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Is the quality of your poo more important than you think?

Is the quality of your poo more important than you think? | Mr Vitamins
We try to avoid talking about our faeces (poo) and it’s certainly not considered table talk. But it is a simple fact of life.

Food in = poo out

The shape, size, colour and odour can provide an insight into your overall health, your digestive health and other diseases such as some infections and cancer.

What’s in your poo?

Would you believe that your poo is 75% water. About 100 millilitres of fluid a lost a day by a very efficient balancing act. The water helps to make our poo soft enough to collect our metabolic waste products and transport them out the body. The rest of the 25% of poo is:
  • 30% is dead bacteria - gut bacteria is forever regenerating to ensure healthy digestion.
  • 30% is indigestible vegetable fibre such as cellulose. And yes, the type of food you eat makes a difference to the amount of poo you pass in a day.
  • 10-20% is made up of cholesterol and other fats.
  • 10-20% is waste or inorganic products such as unwanted food components such as food dye and also cell debris, bile pigments and dead white blood cells.
  • 2% is protein

What should your poo look like?

Every person has their own individual bowel habits. Your poo should be soft and easy to pass. The Bristol Stool Chart is used to determine the consistency of your poo. Most people are reluctant to talk about their poo and may not know that they have unhealthy looking poo. Type 4 usually indicates a healthy digestive system. Type 3 is often considered normal but if so the poo should pass easily. Types 1 and 2 are considered constipation. Type 1 may be due post anti-biotic use or low fibre diets and the stools may have taken about 100 hours to pass through your system. Type 2 is often a sign of irritable bowel syndrome. Types 1 and 2 may cause internal damage by scrapping. Type 5 may indicate precursor to diarrhoea and is often associated with diet. Type 6 is loose and may indicate excess dietary potassium, food intolerances or stress. Type 7 is entirely liquid (diarrhoea) and can be caused by infections or food poisoning. Bristol Stool Chart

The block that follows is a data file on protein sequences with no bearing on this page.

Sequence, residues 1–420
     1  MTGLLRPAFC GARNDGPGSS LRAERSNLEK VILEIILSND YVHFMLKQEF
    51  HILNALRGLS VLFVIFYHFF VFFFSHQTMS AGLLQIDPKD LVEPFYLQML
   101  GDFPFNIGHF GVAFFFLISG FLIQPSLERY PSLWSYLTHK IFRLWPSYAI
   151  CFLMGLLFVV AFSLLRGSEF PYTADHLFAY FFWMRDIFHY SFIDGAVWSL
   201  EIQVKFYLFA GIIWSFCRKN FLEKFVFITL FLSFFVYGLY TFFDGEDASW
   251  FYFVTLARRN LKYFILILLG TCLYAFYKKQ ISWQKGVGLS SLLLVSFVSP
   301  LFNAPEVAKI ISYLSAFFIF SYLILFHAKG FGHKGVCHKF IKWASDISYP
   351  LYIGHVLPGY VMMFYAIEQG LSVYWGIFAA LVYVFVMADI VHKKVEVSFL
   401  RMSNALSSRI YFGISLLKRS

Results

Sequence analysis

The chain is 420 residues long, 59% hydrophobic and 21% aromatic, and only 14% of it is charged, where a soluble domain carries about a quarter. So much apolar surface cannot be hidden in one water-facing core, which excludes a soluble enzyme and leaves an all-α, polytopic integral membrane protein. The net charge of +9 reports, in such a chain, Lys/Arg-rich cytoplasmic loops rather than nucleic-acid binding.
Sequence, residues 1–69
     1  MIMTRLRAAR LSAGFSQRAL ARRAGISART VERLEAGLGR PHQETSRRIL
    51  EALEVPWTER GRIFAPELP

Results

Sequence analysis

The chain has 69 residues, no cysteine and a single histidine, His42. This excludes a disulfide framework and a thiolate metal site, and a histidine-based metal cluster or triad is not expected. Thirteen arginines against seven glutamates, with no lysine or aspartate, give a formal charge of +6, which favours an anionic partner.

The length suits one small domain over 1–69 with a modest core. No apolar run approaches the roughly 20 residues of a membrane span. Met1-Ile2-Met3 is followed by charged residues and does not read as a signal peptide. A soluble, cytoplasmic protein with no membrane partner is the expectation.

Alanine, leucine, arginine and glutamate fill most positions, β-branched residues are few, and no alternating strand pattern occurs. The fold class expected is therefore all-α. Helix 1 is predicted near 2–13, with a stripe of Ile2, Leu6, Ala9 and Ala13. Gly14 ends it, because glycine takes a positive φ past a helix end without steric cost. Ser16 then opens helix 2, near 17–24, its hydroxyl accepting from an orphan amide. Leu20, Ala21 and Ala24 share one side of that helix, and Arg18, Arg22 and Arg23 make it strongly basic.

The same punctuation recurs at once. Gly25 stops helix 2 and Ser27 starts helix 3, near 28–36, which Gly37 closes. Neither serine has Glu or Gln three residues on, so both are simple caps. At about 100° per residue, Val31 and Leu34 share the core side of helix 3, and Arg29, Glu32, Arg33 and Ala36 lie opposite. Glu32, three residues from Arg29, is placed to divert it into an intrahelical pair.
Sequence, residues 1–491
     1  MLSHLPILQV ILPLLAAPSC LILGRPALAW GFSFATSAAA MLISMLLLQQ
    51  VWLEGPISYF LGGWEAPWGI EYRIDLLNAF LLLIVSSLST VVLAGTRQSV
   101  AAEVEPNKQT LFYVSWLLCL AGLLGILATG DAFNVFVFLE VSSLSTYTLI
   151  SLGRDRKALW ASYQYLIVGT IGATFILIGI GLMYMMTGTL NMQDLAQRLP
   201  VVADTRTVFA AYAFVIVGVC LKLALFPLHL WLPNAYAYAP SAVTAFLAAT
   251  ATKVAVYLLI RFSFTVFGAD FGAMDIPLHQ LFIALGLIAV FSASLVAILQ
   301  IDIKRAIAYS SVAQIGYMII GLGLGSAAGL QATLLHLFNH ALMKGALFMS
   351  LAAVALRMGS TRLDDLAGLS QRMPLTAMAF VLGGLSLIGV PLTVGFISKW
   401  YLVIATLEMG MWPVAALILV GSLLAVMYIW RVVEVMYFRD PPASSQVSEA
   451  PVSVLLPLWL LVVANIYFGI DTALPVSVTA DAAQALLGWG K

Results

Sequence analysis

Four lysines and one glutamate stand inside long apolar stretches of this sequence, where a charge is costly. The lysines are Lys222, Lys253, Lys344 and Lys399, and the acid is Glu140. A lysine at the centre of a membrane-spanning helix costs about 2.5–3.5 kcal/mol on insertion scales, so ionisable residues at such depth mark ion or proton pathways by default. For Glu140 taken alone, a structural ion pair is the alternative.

Should your poo have a smell?

All poo has an odour but it’s only when it gets really bad that we need to look at what is happening. Health problems associated with an ongoing problem of smelly poo include malabsorption disorders, celiac disease, chronic disease or chronic pancreatitis. Did you know that flatulence, not in excess, is considered normal up to 14 times per day?

What colour is your poo?

The natural colour of poo ranges from brown to a yellowish brown. White, pale or grey poo may indicate a lack of bile. Yellow poo may indicate Gilbert’s syndrome, gallbladder problems or a giardia infection. Black or red stools may indicate blood somewhere in the gastrointestinal tract. Medical advice is recommended for poo that is not a natural colour.

How often should you poo?

While this can vary, anything between three times a day to three times a week is considered normal.

What can you do to improve you toilet habits?

  • Eat a good whole food diet rich in fibre including plenty of fresh fruit and vegetables. Consider other forms of fibre such as pysllium husks or ground flaxseed meal.
  • Drink 1 ½ to 2 litres of water per day.
  • Exercise regularly on a daily basis.
  • Include fermented foods or a probiotic.
  • Identify and remove any food irritants such as gluten, dairy or any other known food intolerances.
  • Avoid other gastrointestinal irritants such as caffeine, MSG, artificial sweeteners, processed foods and chemical additives.
  • Learn to relax.

Naturopath Janne Ramsay

Janne Ramsay is a Naturopath at Mr Vitamins clinic and has a special interest in Digestive problems and treating the many symptoms that go with it. Learn more about Janne hereGood-Digestion You can also join Mr Vitamin’s Naturopath Janne Ramsay as she takes you through an informative and fun presentation on the basics of healthy digestion. Discover how your digestive system directly impacts your health.         References: Enders G. Gut, the inside story of our body’s most under-rated organ.